I’m an overachiever. My party trick is arm wrestling. When I learned the Warrior Room, a gym in Milwaukie, holds an annual charity ladies’ arm wrestling match, I was in.
I signed up with the name Abigail Guniway, a play on Portland’s own Abigail Duniway, the prominent turn-of-the-century women’s rights activist. I knew the competition was supposed to be mainly for show, GLOW-style; nonetheless, I considerably stepped up my strength training.
By the time of the match, I could do 20 pull-ups. To promote the event and sell more tickets, I took to social media, promising to “put the suffer back in women’s suffrage.” On game day, I was nervous but ready. In my costume, I looked straight out of 1905. Friends came to cheer me on. However, I was matched against the event’s reigning champ. “This’ll be fun,” she smiled sweetly with a wink. As I walked onstage, I theatrically tore my sleeves off, slammed a glass of tequila ... and promptly had my ass handed to me. She beat me three times on both arms in under five minutes. That woman probably lifts 50-pound bells with her wrists alone, and had the technique down. She beat everyone, heavyweights included.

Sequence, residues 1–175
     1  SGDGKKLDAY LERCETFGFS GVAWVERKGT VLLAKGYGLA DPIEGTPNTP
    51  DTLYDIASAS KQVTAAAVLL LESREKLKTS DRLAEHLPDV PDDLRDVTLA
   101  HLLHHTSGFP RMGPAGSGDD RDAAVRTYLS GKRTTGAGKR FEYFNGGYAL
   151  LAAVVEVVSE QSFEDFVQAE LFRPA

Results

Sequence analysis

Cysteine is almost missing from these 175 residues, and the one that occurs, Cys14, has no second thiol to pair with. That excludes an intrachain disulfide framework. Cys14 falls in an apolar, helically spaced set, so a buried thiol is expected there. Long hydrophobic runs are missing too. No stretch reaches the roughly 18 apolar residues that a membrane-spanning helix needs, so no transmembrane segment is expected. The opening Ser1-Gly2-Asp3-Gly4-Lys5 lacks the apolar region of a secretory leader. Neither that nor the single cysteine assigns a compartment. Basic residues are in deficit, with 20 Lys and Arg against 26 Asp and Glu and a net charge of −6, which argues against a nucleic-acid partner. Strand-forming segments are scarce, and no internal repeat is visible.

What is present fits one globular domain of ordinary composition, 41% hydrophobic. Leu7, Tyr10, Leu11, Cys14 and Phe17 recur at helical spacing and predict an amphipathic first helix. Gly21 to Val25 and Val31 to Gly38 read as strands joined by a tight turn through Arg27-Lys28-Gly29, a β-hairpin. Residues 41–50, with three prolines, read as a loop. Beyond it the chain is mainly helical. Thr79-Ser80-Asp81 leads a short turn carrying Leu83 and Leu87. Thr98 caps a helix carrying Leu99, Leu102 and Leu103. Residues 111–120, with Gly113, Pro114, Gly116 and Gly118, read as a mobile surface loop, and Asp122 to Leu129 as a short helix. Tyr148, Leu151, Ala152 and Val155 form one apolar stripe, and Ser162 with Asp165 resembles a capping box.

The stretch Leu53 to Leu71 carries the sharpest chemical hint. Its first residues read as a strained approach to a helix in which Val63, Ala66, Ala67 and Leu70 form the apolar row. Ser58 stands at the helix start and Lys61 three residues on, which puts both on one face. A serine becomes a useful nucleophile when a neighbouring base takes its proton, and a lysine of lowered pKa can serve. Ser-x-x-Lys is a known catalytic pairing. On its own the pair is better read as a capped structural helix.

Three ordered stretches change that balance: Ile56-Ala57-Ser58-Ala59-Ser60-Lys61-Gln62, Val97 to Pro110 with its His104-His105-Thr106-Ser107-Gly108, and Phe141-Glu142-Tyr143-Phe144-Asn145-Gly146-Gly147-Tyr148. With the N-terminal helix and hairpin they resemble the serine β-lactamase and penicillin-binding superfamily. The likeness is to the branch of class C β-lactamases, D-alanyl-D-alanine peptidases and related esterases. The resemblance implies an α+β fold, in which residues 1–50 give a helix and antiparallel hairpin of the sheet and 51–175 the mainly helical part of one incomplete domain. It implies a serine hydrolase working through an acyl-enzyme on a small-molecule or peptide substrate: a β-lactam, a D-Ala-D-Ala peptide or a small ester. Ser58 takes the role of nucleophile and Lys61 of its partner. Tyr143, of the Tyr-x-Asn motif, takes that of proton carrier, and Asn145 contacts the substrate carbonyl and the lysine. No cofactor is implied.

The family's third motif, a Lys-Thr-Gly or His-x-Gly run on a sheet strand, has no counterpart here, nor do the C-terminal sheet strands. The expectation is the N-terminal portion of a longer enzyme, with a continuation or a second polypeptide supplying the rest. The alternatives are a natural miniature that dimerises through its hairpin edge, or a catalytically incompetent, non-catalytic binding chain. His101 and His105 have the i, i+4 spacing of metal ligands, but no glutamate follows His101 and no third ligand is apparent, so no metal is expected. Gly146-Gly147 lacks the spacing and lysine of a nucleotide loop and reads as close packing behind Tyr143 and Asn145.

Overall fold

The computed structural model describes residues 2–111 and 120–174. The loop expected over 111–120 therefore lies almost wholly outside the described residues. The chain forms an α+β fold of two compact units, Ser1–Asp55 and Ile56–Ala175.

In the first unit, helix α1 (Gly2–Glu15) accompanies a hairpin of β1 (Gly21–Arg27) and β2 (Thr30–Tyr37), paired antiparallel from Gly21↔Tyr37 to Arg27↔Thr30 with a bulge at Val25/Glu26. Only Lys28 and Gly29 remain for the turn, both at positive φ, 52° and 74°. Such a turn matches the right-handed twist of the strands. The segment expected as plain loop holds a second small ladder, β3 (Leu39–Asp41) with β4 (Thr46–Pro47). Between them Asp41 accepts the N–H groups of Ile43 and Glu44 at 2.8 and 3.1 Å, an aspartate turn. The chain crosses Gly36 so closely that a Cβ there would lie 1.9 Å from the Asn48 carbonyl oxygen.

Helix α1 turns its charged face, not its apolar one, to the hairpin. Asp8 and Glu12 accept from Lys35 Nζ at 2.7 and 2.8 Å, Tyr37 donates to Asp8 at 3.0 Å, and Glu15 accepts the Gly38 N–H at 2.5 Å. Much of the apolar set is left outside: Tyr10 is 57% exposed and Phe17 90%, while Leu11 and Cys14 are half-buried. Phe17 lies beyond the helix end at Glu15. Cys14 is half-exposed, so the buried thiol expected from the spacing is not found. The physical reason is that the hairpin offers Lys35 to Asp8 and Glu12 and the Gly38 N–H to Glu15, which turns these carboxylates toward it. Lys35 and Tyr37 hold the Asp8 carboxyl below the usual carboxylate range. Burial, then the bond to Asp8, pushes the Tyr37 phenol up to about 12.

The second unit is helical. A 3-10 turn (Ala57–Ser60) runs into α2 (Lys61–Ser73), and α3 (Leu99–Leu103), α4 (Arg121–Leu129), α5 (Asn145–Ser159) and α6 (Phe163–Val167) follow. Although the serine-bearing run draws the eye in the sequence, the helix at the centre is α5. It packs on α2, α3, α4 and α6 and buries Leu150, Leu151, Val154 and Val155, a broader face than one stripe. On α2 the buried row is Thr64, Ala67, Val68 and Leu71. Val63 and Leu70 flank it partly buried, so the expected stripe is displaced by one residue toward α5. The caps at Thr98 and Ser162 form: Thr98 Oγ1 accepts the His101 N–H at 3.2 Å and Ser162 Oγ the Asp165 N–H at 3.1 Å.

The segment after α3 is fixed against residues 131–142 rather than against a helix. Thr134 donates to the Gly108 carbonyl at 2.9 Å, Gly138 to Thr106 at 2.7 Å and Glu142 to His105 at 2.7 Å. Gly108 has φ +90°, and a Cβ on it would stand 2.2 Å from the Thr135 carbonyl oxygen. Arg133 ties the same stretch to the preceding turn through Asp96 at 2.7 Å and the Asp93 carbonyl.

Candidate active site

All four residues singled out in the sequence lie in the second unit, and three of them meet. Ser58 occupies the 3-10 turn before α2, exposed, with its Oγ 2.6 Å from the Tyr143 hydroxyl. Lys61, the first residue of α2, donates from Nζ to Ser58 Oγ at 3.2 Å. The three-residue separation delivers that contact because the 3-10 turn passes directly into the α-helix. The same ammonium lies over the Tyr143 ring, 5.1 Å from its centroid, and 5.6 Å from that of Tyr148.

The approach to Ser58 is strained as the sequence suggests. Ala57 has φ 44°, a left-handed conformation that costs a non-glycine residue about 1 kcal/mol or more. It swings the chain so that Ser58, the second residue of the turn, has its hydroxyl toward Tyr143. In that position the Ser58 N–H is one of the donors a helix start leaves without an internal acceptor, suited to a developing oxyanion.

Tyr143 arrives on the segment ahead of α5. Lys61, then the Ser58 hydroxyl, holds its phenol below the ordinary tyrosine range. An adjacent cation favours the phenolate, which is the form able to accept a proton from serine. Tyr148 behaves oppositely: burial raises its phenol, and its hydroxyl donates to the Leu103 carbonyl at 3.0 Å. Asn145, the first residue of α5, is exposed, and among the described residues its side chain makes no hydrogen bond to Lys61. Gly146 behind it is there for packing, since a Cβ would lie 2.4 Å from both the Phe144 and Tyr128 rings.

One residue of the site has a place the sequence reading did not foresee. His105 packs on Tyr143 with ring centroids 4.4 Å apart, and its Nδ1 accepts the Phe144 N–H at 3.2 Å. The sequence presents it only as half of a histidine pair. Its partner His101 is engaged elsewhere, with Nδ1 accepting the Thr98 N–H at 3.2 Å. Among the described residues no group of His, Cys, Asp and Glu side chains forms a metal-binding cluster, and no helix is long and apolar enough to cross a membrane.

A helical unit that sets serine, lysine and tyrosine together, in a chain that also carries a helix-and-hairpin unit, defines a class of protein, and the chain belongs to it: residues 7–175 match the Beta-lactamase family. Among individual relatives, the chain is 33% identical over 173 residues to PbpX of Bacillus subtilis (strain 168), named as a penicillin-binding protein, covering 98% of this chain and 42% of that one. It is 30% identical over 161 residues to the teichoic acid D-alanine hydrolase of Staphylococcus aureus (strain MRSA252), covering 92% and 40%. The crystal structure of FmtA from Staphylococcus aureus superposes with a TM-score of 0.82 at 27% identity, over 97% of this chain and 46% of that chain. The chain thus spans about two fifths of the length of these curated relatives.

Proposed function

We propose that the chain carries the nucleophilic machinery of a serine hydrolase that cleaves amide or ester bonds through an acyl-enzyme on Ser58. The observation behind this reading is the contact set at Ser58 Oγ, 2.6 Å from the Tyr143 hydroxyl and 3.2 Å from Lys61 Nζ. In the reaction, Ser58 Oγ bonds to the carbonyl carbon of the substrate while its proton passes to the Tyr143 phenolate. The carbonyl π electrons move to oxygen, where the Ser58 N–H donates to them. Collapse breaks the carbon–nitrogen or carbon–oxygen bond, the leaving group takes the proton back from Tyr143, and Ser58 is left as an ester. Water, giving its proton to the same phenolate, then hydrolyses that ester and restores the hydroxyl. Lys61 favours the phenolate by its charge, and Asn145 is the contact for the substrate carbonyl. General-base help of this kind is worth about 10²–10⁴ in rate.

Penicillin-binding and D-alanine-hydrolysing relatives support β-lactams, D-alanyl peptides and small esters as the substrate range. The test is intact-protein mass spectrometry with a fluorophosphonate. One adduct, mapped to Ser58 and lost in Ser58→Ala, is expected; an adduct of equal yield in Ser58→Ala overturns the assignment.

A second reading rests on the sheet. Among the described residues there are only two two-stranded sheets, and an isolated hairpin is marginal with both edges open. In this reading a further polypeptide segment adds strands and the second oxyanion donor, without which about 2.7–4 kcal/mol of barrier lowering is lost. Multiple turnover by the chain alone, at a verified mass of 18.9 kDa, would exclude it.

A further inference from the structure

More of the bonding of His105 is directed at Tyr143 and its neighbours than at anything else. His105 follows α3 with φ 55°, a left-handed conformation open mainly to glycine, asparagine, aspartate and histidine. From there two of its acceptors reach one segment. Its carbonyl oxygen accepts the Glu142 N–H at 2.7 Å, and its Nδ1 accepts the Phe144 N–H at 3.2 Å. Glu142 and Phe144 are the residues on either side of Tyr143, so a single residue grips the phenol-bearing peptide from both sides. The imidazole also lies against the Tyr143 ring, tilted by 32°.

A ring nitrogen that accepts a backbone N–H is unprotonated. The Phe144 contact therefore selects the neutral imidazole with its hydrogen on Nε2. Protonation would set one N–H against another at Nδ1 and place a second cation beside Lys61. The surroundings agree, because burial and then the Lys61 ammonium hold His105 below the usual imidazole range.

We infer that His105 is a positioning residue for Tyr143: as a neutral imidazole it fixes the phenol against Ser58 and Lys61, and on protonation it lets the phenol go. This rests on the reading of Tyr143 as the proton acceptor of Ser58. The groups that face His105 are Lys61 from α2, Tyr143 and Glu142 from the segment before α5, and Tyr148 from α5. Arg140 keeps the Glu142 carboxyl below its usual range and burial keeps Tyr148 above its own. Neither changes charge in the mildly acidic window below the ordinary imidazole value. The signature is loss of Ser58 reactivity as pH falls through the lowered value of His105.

I consoled myself by saying that I’d lost only to the champ. But, honestly, I was humiliated. I’m not afraid of taking risks, but losing so swiftly was a total psychic embuggerance. After drinks with my friends, I spent the night on my couch, in the fetal position.
I spent days nursing my battered ego (and tendonitis in my elbows). And then I quietly admitted my defeat on social media. Unlike my inner drill sergeant, my friends responded with comforts and kindnesses. My husband bought me fail flowers. “Not winning after a big show of bravado is the emotional equivalent of putting a nipple into an electric pencil sharpener,” wrote one friend. “I still think you’re a badass.” She’s right. The experience taught me two lessons: first, I need more weight training; more important, I can be kind to myself even when I’m not winning.
If Abigail Duniway could keep fighting after women’s suffrage lost in Oregon five times, Abigail Guniway can rebound, too.